Red Light Cameras: Safety vs. Revenue

Red Light Cameras are promoted as safety devices but opponents point to accident statistics that would seem to contradict this view.
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Red Light Cameras
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Carty Finkbeiner


Toledo - Ohio - US

Feb. 18, 2008 - PRLog -- Toledo, Ohio

Touting the safety benefits of red light cameras, Toledo City Council voted to increase fines for red light violations from $95 to $120.  The City will also receive a larger share of the fines from Redflex Traffic Systems, an Arizona subsidiary of an Australian company that installed and operates the digital cameras.  In all, Toledo expects to increase red light camera revenues from the current $600,000 to $2.5 million per year.

The mayor of Toledo, Carty Finkbeiner, defended the cameras as a means to reduce accidents.  Critics of the cameras cite increased rear-end collisions at some intersections and the lack of due process as reasons to scrap the program.

Lubbock, Texas recently shut down their red light camera program after seeing an increase in rear-end accidents at intersections with cameras.  Costa Mesa, California experienced a near doubling in the rate of rear-end accidents at some intersections after red light cameras were installed.

A long-term study done in Australia (Andreassen, 1995) found no overall decrease in accidents resulting from red light cameras.

Though studies suggest that increasing the duration of yellow lights would be more effective in preventing accidents, some cities have actually done the opposite to increase the number of tickets issued.  The American Automobile Association withdrew its support of Washington DC’s red light camera system due to the shortening of yellow lights and the City’s emphasis on revenue generation.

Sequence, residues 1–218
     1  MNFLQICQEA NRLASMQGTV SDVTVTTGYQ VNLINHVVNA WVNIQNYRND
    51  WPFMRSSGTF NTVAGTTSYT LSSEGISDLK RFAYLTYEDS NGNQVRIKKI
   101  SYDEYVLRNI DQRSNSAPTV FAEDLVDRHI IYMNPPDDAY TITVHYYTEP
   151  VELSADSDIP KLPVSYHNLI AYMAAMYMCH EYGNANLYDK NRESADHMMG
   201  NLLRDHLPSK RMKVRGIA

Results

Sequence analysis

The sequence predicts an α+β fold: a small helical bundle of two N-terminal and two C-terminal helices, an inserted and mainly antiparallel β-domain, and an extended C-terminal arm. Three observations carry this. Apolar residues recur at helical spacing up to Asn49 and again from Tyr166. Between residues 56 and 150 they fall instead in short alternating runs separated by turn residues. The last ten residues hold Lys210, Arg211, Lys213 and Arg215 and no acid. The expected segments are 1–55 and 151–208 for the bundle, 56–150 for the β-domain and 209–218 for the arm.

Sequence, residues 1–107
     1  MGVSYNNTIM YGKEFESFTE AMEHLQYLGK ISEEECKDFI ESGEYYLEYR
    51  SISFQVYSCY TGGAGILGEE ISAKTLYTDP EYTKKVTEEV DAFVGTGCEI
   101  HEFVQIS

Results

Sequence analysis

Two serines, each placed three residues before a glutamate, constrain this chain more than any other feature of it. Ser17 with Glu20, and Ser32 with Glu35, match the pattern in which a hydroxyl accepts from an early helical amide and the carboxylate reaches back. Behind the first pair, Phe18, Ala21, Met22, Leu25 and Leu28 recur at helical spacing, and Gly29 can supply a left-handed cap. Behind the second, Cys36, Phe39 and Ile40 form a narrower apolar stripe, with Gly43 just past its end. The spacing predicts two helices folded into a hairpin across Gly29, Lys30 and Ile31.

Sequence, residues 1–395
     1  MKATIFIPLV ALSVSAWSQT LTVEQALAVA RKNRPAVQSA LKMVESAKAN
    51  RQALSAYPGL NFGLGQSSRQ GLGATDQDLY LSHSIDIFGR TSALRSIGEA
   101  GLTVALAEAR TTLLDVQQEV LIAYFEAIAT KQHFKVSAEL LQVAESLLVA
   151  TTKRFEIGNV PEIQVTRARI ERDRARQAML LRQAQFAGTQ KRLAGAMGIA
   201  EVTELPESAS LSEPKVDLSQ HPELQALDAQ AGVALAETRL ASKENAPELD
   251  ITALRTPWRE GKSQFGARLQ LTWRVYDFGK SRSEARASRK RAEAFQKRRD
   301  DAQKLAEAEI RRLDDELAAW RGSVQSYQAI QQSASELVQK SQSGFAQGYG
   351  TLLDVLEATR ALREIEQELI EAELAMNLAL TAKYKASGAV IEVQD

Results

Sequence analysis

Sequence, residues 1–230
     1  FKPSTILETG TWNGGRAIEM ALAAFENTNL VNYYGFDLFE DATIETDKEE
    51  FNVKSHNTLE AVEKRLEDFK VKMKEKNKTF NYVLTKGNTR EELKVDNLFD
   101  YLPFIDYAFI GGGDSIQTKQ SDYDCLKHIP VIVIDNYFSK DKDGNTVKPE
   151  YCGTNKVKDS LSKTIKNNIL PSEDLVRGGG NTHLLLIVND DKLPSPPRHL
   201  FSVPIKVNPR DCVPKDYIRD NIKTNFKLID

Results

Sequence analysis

“Toledo is focusing on the revenue aspect of the red light cameras while ignoring engineering changes that will truly make the intersections safer for drivers,” said Tom Miller of
Others say that the system puts due process on its ear by targeting the owner of the vehicle rather than the driver.  The vehicle owner is assumed guilty and must prove his or her innocence without the ability to face their accuser in court.

With the current explosion of the use of red light cameras the debate over safety vs. revenue will likely continue to heat up.  Some wonder whether the cities will ignore the accident statistics in favor of the revenues generated.

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